WA Police are turning to AI for digital evidence, hoping to massively reduce investigation times.

WA Police is running a pilot project for a cloud-based artificial intelligence platform to sift through vast piles of digital evidence to make connections that might otherwise go unnoticed.

Perth-based consultancy Modis has put together a platform hosted on Microsoft Azure that can find potential avenues of inquiry and evidence in the information collected during an investigation.

As a test, it has been used to ingest and analyse digital evidence like emails, texts, social media posts, photographs and CCTV footage from policing systems.

Usually, this digital evidence would have been examined by human officers, leading to a risk of contaminating the data.

With an average of over 2.8 terabytes of data now being seized in every case involving digital evidence, the manual approach is quickly becoming too slow.

WA Police’s covert online operations, digital evident operations and cybercrime investigations lead, detective inspector Tim Tomas, said the software can do more in less time.

He said the system can “help us find the important information we don’t’ realise we have”.

DI Tomas said the platform, which uses AI techniques, facial recognition and text and image analytics to accelerate investigations, has already provided productivity and accuracy benefits.

“I’ve seen the Data & AI platform present complex information patterns in minutes, it does things which we just couldn’t do before. I can’t begin to tell you how profound the change is going to be, it truly is the art of the possible,” he said.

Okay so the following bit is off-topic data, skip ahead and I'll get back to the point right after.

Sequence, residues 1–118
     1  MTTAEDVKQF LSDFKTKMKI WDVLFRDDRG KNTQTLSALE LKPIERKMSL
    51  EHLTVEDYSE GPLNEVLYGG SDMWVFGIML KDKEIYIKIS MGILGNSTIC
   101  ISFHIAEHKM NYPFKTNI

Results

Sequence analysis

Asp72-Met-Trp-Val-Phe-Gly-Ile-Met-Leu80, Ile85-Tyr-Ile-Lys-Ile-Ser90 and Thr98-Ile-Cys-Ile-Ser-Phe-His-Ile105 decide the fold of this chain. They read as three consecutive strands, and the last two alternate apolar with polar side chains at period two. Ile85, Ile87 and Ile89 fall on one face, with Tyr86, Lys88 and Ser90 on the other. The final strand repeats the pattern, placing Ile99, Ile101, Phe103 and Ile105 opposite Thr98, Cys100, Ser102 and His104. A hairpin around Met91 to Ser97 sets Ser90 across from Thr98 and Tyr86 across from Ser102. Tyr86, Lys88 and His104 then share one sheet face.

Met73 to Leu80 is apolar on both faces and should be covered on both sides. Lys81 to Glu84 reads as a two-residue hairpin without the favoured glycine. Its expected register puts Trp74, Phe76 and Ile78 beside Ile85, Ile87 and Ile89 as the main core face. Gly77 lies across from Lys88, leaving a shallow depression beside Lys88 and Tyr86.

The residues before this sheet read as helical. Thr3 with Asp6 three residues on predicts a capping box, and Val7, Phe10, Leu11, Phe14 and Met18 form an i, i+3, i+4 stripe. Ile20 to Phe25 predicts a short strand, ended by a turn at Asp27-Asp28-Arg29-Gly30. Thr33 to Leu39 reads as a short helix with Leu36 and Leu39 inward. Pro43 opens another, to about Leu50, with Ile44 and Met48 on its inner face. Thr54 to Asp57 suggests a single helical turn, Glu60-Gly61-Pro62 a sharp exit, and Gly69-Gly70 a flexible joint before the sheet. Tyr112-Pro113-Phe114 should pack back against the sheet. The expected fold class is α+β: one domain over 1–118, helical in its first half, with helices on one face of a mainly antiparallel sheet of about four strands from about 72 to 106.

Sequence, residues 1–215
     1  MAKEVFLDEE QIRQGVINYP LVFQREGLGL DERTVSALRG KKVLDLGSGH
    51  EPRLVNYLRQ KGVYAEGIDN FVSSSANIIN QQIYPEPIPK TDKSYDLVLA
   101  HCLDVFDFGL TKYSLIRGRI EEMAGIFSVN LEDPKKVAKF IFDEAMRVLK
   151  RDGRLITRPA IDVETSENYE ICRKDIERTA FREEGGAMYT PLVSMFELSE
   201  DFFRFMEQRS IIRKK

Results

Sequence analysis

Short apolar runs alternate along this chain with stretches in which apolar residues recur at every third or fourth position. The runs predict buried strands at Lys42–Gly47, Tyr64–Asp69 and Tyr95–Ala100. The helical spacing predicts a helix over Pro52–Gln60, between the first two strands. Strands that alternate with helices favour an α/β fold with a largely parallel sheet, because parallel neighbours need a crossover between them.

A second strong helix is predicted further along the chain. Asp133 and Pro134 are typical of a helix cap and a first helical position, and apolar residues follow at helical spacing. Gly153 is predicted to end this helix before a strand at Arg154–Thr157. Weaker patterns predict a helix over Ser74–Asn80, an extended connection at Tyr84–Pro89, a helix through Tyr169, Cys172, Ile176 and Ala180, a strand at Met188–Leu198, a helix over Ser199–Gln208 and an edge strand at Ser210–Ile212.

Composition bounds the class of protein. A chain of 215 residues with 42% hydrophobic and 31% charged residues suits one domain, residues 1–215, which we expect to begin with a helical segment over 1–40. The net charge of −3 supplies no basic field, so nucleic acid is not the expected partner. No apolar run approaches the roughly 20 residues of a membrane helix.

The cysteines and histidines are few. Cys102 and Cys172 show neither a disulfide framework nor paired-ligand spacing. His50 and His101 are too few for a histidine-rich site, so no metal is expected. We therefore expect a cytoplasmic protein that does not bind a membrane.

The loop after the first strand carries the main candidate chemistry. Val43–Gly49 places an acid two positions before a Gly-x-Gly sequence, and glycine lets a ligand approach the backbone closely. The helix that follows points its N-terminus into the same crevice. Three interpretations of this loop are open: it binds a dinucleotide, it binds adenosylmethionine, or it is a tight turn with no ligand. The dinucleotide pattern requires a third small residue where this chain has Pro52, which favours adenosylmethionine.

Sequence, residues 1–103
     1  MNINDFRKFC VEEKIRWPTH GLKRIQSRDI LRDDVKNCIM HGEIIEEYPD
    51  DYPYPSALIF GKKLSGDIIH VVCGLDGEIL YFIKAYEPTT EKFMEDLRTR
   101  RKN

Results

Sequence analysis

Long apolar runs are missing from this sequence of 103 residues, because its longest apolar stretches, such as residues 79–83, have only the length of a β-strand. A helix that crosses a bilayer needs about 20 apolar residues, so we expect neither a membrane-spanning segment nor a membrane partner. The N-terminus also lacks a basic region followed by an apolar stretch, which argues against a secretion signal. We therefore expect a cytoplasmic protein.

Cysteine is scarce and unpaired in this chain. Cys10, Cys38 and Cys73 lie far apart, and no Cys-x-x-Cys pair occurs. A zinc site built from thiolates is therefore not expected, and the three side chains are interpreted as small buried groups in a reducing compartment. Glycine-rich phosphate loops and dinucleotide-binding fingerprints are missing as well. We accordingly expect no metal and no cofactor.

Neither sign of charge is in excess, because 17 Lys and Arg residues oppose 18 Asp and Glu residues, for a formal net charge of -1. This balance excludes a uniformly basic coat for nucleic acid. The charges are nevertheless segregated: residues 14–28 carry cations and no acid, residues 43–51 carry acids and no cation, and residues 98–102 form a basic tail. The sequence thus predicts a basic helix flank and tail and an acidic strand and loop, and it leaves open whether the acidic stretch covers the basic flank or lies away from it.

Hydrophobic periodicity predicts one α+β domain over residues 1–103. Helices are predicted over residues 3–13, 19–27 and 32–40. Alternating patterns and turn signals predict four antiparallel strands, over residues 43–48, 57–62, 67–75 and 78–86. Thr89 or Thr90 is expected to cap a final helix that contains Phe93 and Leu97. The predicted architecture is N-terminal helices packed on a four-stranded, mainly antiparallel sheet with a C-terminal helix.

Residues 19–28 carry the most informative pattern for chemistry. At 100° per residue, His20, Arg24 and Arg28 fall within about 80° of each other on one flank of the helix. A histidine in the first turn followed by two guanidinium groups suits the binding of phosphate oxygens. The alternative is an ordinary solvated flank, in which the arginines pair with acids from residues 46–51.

The platform can also translate content into English using Azure’s cognitive services, further saving investigation time and avoiding extra costs.

“The Data & AI platform did some language translation in five minutes which, given the ebb and flow which affects all criminal investigations, had previously taken 12 months,” DI Tomas said.

Modis says there has been a 90 percent improvement in productivity during the pilot, cutting digital information activities “down into seconds, minutes or hours rather than spending days, weeks or months doing things”.

DI Tomas said eventually the software may provide entirely new policing abilities.

“We’ll be able to do things like, ‘Show me all of the photographs in police possession taken with this camera, or show me all the information we have which originated at this place. No police agency can currently do these things,” he said.